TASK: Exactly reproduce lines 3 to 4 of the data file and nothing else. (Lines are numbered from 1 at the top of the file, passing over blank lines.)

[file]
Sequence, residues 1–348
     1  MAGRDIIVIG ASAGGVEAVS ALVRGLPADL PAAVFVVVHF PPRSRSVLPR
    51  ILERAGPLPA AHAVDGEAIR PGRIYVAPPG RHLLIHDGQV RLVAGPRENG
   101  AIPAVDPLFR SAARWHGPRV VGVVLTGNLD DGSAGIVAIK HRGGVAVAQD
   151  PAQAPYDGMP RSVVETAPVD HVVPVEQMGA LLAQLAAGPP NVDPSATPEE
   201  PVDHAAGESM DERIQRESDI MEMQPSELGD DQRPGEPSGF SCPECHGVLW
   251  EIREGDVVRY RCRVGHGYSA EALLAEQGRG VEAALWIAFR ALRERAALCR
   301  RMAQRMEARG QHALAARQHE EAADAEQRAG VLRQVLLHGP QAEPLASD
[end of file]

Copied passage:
    51  ILERAGPLPA AHAVDGEAIR PGRIYVAPPG RHLLIHDGQV RLVAGPRENG
   101  AIPAVDPLFR SAARWHGPRV VGVVLTGNLD DGSAGIVAIK HRGGVAVAQD